The Plan

I wrote this program for my athletes that couldn’t handle a lack of specifics when it comes to strength training. I am still a big fan of staying “organic” in your work and rest and in loading, but here is a plan that give you some exact details on how to build sessions. I’ll remind you that the more you diverge and “customize” plans that are very specific, the greater the risk to your progress.

This is a three-day per week training plan. It is built in 3 stages, which can be done consecutively (making a 12 week plan) or can be split by power builds. In such a case, you’d do stage one of the 6|16 (4 weeks), then do a 3-4 week bouldering-focused phase. You’d follow that with stage two for 4 weeks, and repeat with a similar bouldering phase. Again you’d follow this with a hangboard focus, stage three of this plan, and then go back to bouldering. This adds up to almost 6 months of getting seriously strong.

The 6|16 allows for supplemental strength and core training, but I caution you to keep your outside climbing days or other gym days to one a week. I like Monday, Wednesday, and Friday for this plan, with a climbing day Saturday. You may be active the days in between, but no more than an hour and at no more than 70% of max heart rate.

This plan will consist of workouts using three different grips on the board. I like a medium-sized edge that you can easily hang for 20 or more seconds, a small edge that you can’t hold for ten, and a 2-finger pocket, held with the middle and ring fingers.

Ready, Set…Test.

To start, we’ll test each grip. Warm-up well using the HANGBOARD WARM-UP. This will help keep you feeling good climbing, and will prime your whole body for the hanging to come.

Start with the big edge that you can hold for 20 seconds and hang to technical failure with an additional 10% over bodyweight. This means if you weigh 150 pounds, you’d add 15 more pounds to your body. Write down how long you hung before having to stop. Rest 3-4 minutes, then repeat with another 10% jump. Repeat until the your hang time ends up between 5 and 8 seconds. A typical sequence might look like this:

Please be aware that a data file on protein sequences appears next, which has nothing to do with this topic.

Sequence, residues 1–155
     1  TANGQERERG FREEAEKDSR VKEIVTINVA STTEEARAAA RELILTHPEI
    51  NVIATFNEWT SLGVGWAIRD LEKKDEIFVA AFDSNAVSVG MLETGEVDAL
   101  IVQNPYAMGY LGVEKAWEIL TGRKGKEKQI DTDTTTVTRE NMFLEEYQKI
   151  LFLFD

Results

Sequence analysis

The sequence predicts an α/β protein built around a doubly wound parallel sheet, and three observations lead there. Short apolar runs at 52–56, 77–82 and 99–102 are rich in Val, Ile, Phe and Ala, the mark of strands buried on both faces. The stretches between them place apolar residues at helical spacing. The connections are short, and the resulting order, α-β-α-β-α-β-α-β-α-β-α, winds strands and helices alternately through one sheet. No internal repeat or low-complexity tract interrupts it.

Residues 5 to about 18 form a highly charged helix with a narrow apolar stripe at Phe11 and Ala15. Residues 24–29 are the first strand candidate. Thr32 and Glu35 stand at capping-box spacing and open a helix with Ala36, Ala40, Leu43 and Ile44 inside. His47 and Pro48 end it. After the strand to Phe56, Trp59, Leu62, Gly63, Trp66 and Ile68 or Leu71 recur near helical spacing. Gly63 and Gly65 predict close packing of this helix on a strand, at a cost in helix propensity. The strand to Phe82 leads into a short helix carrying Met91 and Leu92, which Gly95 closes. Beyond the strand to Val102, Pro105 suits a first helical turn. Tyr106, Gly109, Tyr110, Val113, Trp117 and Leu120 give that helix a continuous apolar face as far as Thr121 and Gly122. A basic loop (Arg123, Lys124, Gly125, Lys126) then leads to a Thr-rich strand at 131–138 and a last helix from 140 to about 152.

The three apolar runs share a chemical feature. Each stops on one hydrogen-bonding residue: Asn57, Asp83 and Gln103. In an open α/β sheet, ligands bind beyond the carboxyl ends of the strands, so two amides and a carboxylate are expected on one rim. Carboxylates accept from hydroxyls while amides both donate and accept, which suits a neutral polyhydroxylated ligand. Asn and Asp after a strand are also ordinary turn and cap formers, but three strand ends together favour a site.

BW +10%: 18 sec

BW +20%: 13 sec

BW +30%: 9 sec

BW + 40%: 6 sec

At 6 seconds, you’re then in the realm to calculate your 1-second max. We don’t ever want to test 1-second max, but we use it for calculating load for later sessions.

Multiply your max in seconds X total load (bodyweight+load) X .0333 + total load

This will give you a working number. For example, a 150 pound athlete than hangs 5 seconds with an added 70 pounds would calculate his max like this:

5 x 220 x .0333 + 220 = 257

Next, you’ll test with the 2-finger pocket. Start with a pocket you can hang at bodyweight for more than 10 seconds. Follow the same protocol as you did with the big edge. Hang at BW+10%, then BW+20%, and so on until you reach the 5-8 second window. This should be at a lower load than the medium edge. Again, calculate your working max.

With the small edge, you’ll start out very close to your 5-8 second window. If your bodyweight hang is in this window to start, simply do the working max calculation with bodyweight. If you can hold for 9 or 10 seconds, add 5% to your bodyweight and test. If you still hold longer than 8 seconds, repeat with BW+10%. If you are still not in the 5-8 second window, start over with a smaller edge.

The testing is a bit slow and can be very taxing. It is OK to split the testing into a couple of sessions if necessary. All of the hangs for the upcoming workouts will be determined as a percentage of this max, so getting good numbers is essential. You’ll do this test at the beginning of each training cycle to determine working maxes for that cycle. DON’T JUST ASSUME YOUR MAXES ARE THE SAME AS 4 WEEKS AGO. I have not ever seen a climber whose maxes have not changed between cycles.

Rest between sets is critical. While some sets will require that you switch loads, many of the sets can be done back-to-back with little changing weights. In such cases, discipline will make you stronger. I suggest resting at least 5 times as long as you spend hanging in any given set, and allow up to 5 minutes between hangs. Remember, the better you rest, the stronger you’ll get. If you get pumped, you’re blowing it.

Additional Training